HIV and Smoking: Why They’re a Terrible Mix


Smoking and HIV: Why They're a Terrible Mix

It’s not exactly a newsflash or a secret, but smoking is really bad for you. But if you have HIV, then it’s exponentially worse for you in a number of ways. Recent research has shown that smoking and HIV are a potentially deadly mix that can make a bad situation worse, and fatal.

A recent study published in the JAMA Internal Medicine noted “over 40% of PLWH [people living with HIV] in the United States smoke cigarettes,” which is why it is so crucial to uncover this connection between smoking and CD4 count.  Remember, people with HIV are already at risk for developing deadly infections and illnesses. The last thing they need is to participate in a bad and unhealthy habit that will further increase that risk.

Before We Dive into Smoking and HIV, a Brief Refresher

Human immunodeficiency virus (HIV) is a virus that attacks your immune system. It is most often passed from one infected individual to another through unprotected sexual intercourse, as it is spread through bodily fluids including semen, vaginal fluid and blood. HIV can also be spread through shared needles or childbirth, and even breastfeeding. There is currently no cure; once you have this virus, you have it for life.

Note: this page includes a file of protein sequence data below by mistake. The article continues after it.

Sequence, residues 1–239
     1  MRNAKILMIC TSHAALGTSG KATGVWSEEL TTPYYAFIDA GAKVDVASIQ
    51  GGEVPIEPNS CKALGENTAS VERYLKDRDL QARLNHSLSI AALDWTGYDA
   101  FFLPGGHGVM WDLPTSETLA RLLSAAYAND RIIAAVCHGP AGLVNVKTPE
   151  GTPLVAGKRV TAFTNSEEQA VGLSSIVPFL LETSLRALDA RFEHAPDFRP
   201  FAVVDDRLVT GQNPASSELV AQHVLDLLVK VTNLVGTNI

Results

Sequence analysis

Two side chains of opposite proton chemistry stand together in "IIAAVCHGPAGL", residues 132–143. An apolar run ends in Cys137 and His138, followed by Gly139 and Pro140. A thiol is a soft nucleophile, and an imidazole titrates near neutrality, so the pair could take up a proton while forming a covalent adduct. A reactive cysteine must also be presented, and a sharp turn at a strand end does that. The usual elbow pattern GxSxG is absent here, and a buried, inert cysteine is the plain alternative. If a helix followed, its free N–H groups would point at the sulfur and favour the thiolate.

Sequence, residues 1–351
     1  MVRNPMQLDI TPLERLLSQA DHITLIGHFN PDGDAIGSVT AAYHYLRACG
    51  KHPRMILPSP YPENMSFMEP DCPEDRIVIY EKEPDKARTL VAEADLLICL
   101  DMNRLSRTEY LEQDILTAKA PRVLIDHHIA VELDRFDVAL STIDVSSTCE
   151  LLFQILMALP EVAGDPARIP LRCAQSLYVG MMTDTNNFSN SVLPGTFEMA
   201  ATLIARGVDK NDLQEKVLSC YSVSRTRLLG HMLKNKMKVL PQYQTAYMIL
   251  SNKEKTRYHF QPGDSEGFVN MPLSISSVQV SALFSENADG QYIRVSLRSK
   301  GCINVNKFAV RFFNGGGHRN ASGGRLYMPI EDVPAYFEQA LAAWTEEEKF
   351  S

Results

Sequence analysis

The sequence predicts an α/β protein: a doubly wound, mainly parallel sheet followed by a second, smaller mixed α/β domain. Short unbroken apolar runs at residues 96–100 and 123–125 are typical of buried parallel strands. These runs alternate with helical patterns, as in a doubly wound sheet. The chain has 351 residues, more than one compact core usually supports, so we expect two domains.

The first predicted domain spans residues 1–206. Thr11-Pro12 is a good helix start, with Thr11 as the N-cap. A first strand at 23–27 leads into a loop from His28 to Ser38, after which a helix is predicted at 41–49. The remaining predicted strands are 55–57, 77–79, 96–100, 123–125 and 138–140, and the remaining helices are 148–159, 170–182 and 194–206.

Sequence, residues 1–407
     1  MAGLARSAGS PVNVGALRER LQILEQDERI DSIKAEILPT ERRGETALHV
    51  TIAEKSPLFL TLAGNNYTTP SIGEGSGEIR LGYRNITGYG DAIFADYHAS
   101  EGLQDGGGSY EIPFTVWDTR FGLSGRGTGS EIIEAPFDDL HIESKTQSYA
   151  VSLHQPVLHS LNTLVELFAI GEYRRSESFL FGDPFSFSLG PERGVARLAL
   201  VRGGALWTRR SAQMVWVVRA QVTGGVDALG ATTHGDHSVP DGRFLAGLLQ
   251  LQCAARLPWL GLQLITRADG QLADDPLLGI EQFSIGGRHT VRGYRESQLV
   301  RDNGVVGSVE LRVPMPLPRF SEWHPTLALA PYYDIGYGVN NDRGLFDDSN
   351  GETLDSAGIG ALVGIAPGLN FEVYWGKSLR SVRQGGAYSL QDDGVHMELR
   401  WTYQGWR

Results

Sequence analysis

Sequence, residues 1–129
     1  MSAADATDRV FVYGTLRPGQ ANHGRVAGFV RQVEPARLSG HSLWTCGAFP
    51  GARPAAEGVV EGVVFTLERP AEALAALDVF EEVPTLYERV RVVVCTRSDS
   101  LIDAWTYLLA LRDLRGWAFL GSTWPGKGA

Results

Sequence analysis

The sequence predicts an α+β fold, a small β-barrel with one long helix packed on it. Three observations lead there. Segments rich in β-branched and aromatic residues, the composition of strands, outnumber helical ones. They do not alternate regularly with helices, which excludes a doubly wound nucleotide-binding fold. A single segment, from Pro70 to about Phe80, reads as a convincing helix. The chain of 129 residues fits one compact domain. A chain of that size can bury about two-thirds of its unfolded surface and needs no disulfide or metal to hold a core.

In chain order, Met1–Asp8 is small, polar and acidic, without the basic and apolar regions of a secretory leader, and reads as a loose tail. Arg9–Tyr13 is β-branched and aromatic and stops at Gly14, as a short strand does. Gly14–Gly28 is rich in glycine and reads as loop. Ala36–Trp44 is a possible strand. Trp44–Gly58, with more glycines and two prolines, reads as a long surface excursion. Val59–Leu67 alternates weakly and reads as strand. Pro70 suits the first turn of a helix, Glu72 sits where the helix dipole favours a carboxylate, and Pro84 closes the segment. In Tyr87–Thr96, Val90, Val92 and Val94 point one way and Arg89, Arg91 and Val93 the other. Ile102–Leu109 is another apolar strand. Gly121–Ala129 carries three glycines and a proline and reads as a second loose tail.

According to the CDC, “HIV harms your body’s infection fighters — the cells of the immune system called CD4 cells, or T cells. Over time, HIV can destroy so many of these cells that your body can’t fight off infections and disease.” Having HIV puts you at risk for developing infections, ranging from opportunistic infections like the common cold to more serious illnesses such as heart disease and cancer. When your body can no longer produce enough T cells to fight off illness, HIV progresses to full-blown AIDs, and ultimately AIDs will lead to death.

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